Newspaper Search/Directory Strategy: Who Will Lead Charge?

By: Steve Outing (This is the last of a two-part column about proposals for the newspaper industry to develop a deal with a Web search/directory company.)

With newspaper cyberspace consortium New Century Network apparently out of the picture in terms of a newspaper industry search engine/directory strategy, the big question now is who might take up this cudgel. It's generally acknowledged that newspapers will need the clout of bargaining together to pull off a deal with a search engine company that would allow newspaper Web sites to include Web search and directory services.

Most newspaper new media executives that I interviewed for this column indicated that they would like to have such functionality on their sites, in order to increase their Web traffic levels substantially and give their Web visitors less reason to go elsewhere (Yahoo!, Excite, et al) to find information. While some are not waiting for an umbrella group to act and are negotiating on their own, much of the industry must rely on others to present them with an available Web search/directory offering.

The leading candidate for helping the newspaper industry with search/directory is Silicon Valley-based Zip2, a provider of Internet directory, classifieds and other tools and templates for newspaper Web sites. Zip2 counts among its major investors several large newspaper companies.

Michael Romaner, online services director of Morris Communications, a U.S. newspaper chain which is an investor in Zip2 and has a board seat, thinks that Zip2 is well positioned to be the key player in getting a search/directory service deal for newspapers. Indeed, it may be the only company in the right position to pull it off. And it has the advantage in this regard over NCN because it is an independent company that doesn't have to answer to multiple owners (other than pleasing those newspaper executives that sit on its board).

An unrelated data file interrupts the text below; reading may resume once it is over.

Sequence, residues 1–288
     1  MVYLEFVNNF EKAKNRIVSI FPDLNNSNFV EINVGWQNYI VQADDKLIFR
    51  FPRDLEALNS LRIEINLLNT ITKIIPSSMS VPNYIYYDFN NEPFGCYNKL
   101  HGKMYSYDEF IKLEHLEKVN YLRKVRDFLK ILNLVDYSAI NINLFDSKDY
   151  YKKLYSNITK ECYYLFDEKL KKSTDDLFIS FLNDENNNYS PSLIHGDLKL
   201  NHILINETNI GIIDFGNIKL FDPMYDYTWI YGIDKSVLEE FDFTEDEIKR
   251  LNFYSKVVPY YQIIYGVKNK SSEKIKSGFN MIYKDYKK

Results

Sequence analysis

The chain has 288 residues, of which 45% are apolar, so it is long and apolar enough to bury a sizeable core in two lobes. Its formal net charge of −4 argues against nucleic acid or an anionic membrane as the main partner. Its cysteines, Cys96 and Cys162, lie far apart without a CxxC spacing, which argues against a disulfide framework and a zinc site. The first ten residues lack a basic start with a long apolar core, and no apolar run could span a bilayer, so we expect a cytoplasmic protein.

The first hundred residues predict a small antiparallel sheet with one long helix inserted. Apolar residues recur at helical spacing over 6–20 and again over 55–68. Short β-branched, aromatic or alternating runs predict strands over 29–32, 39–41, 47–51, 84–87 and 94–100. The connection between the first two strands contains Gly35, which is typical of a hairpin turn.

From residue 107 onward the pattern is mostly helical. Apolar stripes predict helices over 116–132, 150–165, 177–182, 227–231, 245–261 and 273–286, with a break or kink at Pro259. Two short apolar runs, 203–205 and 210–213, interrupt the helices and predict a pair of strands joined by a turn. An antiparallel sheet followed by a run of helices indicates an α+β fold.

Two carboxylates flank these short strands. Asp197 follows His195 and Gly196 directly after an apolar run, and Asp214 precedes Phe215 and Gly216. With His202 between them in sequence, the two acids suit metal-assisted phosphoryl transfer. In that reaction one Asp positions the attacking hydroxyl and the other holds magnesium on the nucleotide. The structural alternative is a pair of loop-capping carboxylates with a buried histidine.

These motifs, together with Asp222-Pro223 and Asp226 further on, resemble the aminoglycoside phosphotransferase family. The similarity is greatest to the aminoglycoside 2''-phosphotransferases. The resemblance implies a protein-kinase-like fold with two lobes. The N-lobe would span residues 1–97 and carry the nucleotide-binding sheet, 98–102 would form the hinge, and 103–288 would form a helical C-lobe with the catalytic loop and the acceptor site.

Zip2 CEO Rich Sorkin acknowledges the importance of newspapers having a relationship with an Internet search/directory service. "To play in this game long term," he says, you have to have a relationship with one of the big-traffic players like Yahoo! or Excite. Zip2 has been watching this strategy be laid out by NCN, with no intention of acting while NCN plied its initiative. Sorkin says that 1-1/2 years ago he advocated that NCN buy a Web search engine company.

With NCN floundering, there may be some clamoring by the industry to encourage Zip2 to step forward with some sort of newspaper Web search/directory offering -- most likely done in partnership with an existing search company. But Zip2 is unlikely to move unless the newspaper industry demonstrates that it's serious. If newspapers want to get in to the search engine game now, Sorkin says, given where the big players like Yahoo! are positioned today, newspapers need to go after it "with both feet and both hands." Zip2 won't be dragged into this game unless it's done right, he says.

"Think of us as the bride waiting for the groom" to show up, Sorkin suggests. It better be a really fine groom. He says that he probably would be inclined to do a deal on behalf of newspapers with one of the three major players today -- Yahoo!, Excite or America Online. Otherwise, newspapers need to pony up and buy an established search engine, but that's going to be more costly at this late date.

The contrarian

The dangers of such a strategy are articulated by Zip2 co-founder Kimbal Musk, who is one of the voices arguing against newspapers doing battle with the dominant search engines. The major Web search engines have already won the battle for that space on the Internet, and newspapers simply can't compete with companies that are that firmly entrenched and successful, he argues. "That position (Web search/directory) is already taken. If (newspapers) want to spend money on doing that, it would just make me ill," he says.

What should newspapers do? Musk says concentrate on what is still up for grabs in the Internet marketplace -- local content. "The local destination is not yet taken. Concentrate on that. ... You can't be everything. You just can't," he says.

Most of the newspaper executives interviewed for this column don't agree with that sentiment, however. (And Sorkin expresses a more open-minded view of Zip2's potential role in a newspaper search/directory play.) Ralph Terkowitz, vice president of technology for the Washington Post Co., says that it's "premature" to say that the game is already won in Internet search and directory. "I don't think we should cede any long-term ownership" of that market to today's dominant players, he says. Newspapers have long been the dominant supplier of consumer eyeballs in their local markets, and the industry needs to figure out how to resume that place in the Internet environment.